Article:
Treatment of brain tumors by intra-arterial (IA) chemotherapy is occasionally complicated by sites of focal toxicity in the brain and retina. A possible cause of focal toxicity is non-uniform drug delivery due to intravascular drug streaming. To investigate this phenomenon in vivo, the authors examined the distribution of drug delivery after internal carotid artery (ICA) infusion in rhesus monkeys. Carbon-14 (14C)-labeled iodoantipyrine was delivered into the ICA of eight monkeys at slow infusion rates (1% to 2% of ICA flow) or at fast infusion rates (20% of ICA flow) combined with additional techniques to promote mixing with ICA blood. Two monkeys received intravenous (IV) 14C-antipyrine. Uniformity of delivery was assessed by comparing high-to-low ratios of isotope concentration in four brain regions evaluated by quantitative autoradiography. There was striking non-uniformity of drug delivery in the slow IA infusion group, with as much as 13-fold differences in drug concentration in anatomically contiguous areas. The values of high-to-low concentration ratios (mean ± standard deviation) in individual autoradiographic planes were: 1) frontoparietal cortex: slow IA infusion 4.54 ± 2.07, fast IA infusion 1.71 ± 0.31, IV infusion 1.30 ± 0.174; 2) frontoparietal white matter: slow IA infusion 2.94 ± 1.45, fast IA infusion 1.59 ± 0.41, IV infusion 1.34 ± 0.21; 3) temporal cortex; slow IA infusion 5.43 ± 3.57, fast IA infusion 1.69 ± 0.24, IV infusion 1.67 ± 0.25; 4) basal ganglia: slow IA infusion 3.6 ± 2.9, fast IA infusion 1.18 ± 0.10, IV infusion 1.09 ± 0.04. Differences between concentration ratios after slow IA and fast IA infusion are significant (p < 0.01); those between fast IA and IV infusion are not significant. Intra-arterial drug administration at infusion rates analogous to those currently used clinically results in drug streaming with markedly heterogeneous drug deposition in the perfused hemisphere. This may cause suboptimal drug levels in the tumor, and toxic levels at sites within the perfused hemisphere. This effect can be abrogated by techniques that eliminate drug streaming.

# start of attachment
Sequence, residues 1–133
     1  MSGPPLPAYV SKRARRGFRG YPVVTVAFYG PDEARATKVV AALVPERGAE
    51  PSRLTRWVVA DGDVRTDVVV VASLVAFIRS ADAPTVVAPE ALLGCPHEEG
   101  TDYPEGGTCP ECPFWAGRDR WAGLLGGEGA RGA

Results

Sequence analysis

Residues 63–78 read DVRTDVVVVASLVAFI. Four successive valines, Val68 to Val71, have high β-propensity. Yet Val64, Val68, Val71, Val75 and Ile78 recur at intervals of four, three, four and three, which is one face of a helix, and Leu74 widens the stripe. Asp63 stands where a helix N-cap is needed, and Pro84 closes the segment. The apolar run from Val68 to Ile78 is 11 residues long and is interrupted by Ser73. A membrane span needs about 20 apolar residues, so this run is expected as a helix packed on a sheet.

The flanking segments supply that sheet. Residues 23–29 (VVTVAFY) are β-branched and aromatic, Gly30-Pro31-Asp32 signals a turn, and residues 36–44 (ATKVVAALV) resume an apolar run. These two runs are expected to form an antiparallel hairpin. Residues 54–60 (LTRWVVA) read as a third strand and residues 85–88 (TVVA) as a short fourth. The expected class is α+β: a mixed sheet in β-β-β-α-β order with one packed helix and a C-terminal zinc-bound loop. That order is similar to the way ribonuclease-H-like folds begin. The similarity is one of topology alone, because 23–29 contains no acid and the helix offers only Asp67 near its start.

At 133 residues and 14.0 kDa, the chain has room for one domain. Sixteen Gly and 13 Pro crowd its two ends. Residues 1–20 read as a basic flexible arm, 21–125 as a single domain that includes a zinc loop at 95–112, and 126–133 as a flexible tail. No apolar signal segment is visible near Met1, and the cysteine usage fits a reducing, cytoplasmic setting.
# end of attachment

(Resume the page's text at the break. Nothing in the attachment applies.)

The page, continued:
ASJC Scopus subject areas
- Clinical Neurology